March on the farm
Posted on 21st March 2018 at 13:45
Because of the unpredictable weather March is a strange month for jobs. There is so much to do but if it is very wet or covered in snow many of the essential jobs will have to wait, so.....
Photos taken by Jan and John on one of their cycle rides, which took them past some of our more mature trees on Willinghurst Estate.
Instead of being able to prepare the plantations for planting there are lots of jobs which need doing to the more mature trees already growing in the fields. On the rare sunny dry days the boys have been out handling the trees, carrying on from February. Hans and Paul have been doing some extra work on some of the trees where the branches are a little uneven in places or the leaders are too long.
The first video shows the situation where this technique would be beneficial to the tree. In the second video Hans explains what has been done to the tree to create branches in a different position, in this case it will create a ring of branches growing further up the leader.
By using a plastic device called a branch adjuster or branchguide on the trees it encourages individual branches to grow in a different direction. This is particularly useful where the leader has broken and the branch adjusters hold up a branch from the top whorl which will hopefully grow to replace the leader. The pictures below show various situations where these guides and adjusters come into play.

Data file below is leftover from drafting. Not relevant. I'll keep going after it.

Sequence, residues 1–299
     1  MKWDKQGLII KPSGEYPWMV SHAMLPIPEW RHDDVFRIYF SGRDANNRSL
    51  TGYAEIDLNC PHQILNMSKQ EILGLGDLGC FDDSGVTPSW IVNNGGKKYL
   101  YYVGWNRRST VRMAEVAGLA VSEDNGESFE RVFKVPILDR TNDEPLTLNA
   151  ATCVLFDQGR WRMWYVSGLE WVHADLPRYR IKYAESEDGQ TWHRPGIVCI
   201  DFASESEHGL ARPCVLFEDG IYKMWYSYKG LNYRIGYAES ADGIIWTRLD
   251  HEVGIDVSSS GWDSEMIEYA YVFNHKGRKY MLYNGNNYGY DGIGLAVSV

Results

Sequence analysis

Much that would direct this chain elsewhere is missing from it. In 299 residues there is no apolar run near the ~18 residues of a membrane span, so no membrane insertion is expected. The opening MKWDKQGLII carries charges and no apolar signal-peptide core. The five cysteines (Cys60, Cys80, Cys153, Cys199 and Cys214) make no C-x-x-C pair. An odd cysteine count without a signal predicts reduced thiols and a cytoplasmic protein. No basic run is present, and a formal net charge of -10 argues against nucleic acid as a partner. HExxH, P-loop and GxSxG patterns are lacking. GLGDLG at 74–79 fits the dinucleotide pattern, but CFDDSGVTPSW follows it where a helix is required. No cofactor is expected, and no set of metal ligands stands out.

The picture above shows a Christmas tree with no leader. This could have been snapped off by birds. The second picture shows the branch adjuster holding a branch up from below. This will remain in place until the branch grows straight up by itself.
This method can also be used to train branches to fill in gaps in a whorl, giving the appearance of a more even tree. See the picture below left.
The picture above is an arial view of the formation of a new leader.
Finally we are all holding our breath for the warmer weather so the transplants can be lifted from the nursery and we can start to get them planted.
Join us next month when Paul will hopefully get the calm dry conditions he needs so he can start to fertilise the trees.
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